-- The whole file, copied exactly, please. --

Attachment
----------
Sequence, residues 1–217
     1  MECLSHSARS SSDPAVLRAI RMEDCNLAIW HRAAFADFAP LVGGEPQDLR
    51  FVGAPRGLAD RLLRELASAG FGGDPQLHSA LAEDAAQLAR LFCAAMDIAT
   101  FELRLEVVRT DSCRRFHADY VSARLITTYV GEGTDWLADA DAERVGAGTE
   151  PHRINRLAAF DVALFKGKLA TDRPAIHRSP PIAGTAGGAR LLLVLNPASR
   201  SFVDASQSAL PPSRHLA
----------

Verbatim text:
Sequence, residues 1–217
     1  MECLSHSARS SSDPAVLRAI RMEDCNLAIW HRAAFADFAP LVGGEPQDLR
    51  FVGAPRGLAD RLLRELASAG FGGDPQLHSA LAEDAAQLAR LFCAAMDIAT
   101  FELRLEVVRT DSCRRFHADY VSARLITTYV GEGTDWLADA DAERVGAGTE
   151  PHRINRLAAF DVALFKGKLA TDRPAIHRSP PIAGTAGGAR LLLVLNPASR
   201  SFVDASQSAL PPSRHLA